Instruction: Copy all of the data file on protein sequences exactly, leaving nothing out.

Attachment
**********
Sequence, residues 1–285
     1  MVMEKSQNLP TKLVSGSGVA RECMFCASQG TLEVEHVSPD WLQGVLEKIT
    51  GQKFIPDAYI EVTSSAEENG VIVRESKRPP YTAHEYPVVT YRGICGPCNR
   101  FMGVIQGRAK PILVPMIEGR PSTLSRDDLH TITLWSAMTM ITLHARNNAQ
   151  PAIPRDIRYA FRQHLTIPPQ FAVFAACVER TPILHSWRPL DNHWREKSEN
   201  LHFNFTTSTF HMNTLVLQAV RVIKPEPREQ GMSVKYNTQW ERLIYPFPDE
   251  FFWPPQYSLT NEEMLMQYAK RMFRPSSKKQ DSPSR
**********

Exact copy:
Sequence, residues 1–285
     1  MVMEKSQNLP TKLVSGSGVA RECMFCASQG TLEVEHVSPD WLQGVLEKIT
    51  GQKFIPDAYI EVTSSAEENG VIVRESKRPP YTAHEYPVVT YRGICGPCNR
   101  FMGVIQGRAK PILVPMIEGR PSTLSRDDLH TITLWSAMTM ITLHARNNAQ
   151  PAIPRDIRYA FRQHLTIPPQ FAVFAACVER TPILHSWRPL DNHWREKSEN
   201  LHFNFTTSTF HMNTLVLQAV RVIKPEPREQ GMSVKYNTQW ERLIYPFPDE
   251  FFWPPQYSLT NEEMLMQYAK RMFRPSSKKQ DSPSR